If Jason Blake can go to the front of the net, anyone can go to the front of the net. No excuses. Notice again how Rinne’s own defenseman is screening him. This time he stands up straighter to peer over the screen, meaning he can’t react in time to the tip from Blake. Whether he crouches lower or stands up straighter, he takes up less of the net.
Not much that can be learned from this one other than that a forward without a stick does not make a good defenseman. Ryan’s read in the defensive zone that starts this play is reminiscent of what we see regularly from Alex Burrows. And if it was ball hockey, Burrows would totally pull off those moves.
Before talking about the goal, note the orange men next to the penalty box. I wonder, did the Predators complain about them too? In any case, Blake scores this goal because he goes to the front of the net and Selanne manages to hook the puck to the front of the net while lying down on the ice. It’s a ridiculous pass, but the goal is made possible through the magic of going hard to the net.
This is another goal that Rinne probably wants back, as Selanne wheels out from behind the net and sneaks a backhand past him. The Canucks have tried to score on a few wraparounds, but Rinne is always able to get his pad over in time. Selanne, however, uses his speed to create enough time for himself to raise the puck. Also, because of the traffic in front, the defense and Rinne have to respect the possibility for a pass.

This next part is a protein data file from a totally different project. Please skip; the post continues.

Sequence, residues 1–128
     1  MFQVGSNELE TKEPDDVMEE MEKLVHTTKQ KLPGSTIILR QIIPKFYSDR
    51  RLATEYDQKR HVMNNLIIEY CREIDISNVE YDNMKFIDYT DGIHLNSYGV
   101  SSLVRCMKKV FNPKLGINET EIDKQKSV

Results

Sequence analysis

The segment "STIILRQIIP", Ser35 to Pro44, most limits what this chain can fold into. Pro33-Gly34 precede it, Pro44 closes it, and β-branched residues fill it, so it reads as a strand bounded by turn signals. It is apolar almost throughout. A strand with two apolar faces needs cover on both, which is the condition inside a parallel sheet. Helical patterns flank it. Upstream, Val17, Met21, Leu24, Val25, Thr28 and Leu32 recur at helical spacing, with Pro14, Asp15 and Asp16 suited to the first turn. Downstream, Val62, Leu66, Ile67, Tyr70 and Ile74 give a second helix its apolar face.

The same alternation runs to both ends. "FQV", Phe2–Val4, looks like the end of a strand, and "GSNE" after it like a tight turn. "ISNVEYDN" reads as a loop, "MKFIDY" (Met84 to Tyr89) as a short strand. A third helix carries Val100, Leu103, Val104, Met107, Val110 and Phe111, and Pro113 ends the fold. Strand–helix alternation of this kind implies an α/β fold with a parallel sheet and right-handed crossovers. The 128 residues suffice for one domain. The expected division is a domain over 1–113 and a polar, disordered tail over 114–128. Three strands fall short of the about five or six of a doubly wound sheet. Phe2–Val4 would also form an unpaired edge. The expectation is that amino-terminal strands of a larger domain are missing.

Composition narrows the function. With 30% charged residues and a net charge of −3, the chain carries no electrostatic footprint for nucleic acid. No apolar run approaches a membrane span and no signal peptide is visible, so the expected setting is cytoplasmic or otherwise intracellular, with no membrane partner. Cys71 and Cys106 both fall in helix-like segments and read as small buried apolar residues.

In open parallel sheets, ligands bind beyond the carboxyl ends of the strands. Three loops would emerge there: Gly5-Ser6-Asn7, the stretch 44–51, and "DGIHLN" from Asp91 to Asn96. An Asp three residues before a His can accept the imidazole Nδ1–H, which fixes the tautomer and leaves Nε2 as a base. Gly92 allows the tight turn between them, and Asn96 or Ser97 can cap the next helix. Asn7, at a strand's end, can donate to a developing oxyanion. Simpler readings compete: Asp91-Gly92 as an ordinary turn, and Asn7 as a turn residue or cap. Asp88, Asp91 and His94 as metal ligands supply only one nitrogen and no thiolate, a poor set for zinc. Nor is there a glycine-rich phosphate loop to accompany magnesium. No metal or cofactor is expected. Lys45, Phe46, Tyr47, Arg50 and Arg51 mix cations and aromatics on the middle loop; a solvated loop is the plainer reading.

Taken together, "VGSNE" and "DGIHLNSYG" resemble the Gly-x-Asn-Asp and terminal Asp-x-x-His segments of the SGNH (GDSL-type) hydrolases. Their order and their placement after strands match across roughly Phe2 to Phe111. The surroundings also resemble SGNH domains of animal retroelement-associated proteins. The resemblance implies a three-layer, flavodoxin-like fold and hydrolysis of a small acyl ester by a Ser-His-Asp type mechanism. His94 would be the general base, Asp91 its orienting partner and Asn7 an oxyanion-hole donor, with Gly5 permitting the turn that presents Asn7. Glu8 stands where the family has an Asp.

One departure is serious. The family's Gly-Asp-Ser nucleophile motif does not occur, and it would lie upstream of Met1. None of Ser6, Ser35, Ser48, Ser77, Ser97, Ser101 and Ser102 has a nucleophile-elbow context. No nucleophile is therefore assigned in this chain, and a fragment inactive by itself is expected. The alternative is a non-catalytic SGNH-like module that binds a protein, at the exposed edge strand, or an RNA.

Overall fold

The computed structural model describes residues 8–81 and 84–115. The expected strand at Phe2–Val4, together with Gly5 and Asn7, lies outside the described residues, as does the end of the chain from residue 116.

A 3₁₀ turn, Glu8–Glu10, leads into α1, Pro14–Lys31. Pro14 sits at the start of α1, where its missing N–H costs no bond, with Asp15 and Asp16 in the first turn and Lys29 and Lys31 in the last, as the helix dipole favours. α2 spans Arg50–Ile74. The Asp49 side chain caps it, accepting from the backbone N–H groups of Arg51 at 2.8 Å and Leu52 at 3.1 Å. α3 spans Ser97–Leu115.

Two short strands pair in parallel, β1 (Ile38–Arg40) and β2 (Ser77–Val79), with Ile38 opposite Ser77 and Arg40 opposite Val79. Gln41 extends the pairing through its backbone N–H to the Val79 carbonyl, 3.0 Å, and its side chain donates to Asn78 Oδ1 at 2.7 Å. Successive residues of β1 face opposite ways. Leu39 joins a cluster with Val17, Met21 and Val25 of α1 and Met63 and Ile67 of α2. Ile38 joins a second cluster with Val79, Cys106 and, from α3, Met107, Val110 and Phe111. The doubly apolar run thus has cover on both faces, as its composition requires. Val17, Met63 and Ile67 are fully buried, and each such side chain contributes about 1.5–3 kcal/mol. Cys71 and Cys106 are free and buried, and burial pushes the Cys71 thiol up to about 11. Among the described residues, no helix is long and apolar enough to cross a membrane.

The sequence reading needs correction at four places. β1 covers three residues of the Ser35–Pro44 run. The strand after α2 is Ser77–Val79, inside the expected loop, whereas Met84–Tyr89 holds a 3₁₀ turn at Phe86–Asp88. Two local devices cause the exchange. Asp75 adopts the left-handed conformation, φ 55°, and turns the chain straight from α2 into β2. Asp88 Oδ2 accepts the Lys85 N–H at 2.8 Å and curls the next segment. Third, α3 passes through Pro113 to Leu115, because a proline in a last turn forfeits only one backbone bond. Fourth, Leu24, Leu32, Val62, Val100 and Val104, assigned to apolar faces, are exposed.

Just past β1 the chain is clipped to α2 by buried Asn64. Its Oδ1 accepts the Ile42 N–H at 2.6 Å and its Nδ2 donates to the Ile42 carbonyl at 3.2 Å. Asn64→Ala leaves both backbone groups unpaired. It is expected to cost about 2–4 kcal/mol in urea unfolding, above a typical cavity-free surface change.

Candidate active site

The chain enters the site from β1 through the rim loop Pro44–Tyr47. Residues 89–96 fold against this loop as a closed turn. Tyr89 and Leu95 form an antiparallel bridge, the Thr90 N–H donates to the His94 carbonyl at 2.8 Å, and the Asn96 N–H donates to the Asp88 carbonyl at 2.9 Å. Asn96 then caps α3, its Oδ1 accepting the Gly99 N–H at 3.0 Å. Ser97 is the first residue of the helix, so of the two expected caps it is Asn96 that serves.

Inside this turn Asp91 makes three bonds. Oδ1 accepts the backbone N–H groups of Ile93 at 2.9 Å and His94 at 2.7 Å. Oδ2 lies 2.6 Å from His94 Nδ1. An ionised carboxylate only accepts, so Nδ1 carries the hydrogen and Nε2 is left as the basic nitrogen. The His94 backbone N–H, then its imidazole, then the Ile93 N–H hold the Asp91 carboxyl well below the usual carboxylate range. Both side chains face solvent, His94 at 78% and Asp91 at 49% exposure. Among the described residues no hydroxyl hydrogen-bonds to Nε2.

Another powerplay goal for the Ducks, as Blake gets to the front of the net and is in the perfect position to tip in the shot from Ryan. Again, note the quick moment of the puck on the powerplay before Ryan sees an opening. The Sedins tend to create a lot of movement from low to high on the powerplay, but it might be more effective against Rinne to move the puck more from side to side.
Keys to beating Rinne:
1. Draw penalties: 8 of the Ducks’ 20 goals were scored on the powerplay. The Predators are a disciplined team and the refs have been letting play go, but the Ducks managed to get 22 powerplay opportunities in their series. If the Canucks can get some sustained offensive pressure and keep moving their feet, they’ll draw penalties. Then, of course, they need to take advantage of them.
2. Don’t just settle for more shots. While the Ducks created some goals by just getting the puck on net and hoping for a tip-in or a rebound, they also created open-net opportunities through heady passing plays and intelligent positioning. The Canucks will need to take shots when the opportunity is right: they can’t afford to pass up good scoring opportunities, but they can’t force shots when a better option exists.
3. Go to the net. Hard. This is a simple one. Getting traffic in front of Rinne will force him to make himself smaller, creating opportunities for players with accurate shots to pick corners, as well as creating chances for tip-ins, rebounds, and broken plays. This isn’t about getting into his head, it’s about removing some of the advantages of his body. Only a couple of the goals scored against Rinne in round one were on clean shots: the Canucks will need to create rebounds and look for tip-ins. Five of the Ducks goals were scored on tip-ins and most of the goals featured some sort of presence in front of the net.
4. Be Teemu Selanne. Seriously, the guy scored 6 goals on Rinne in 6 games.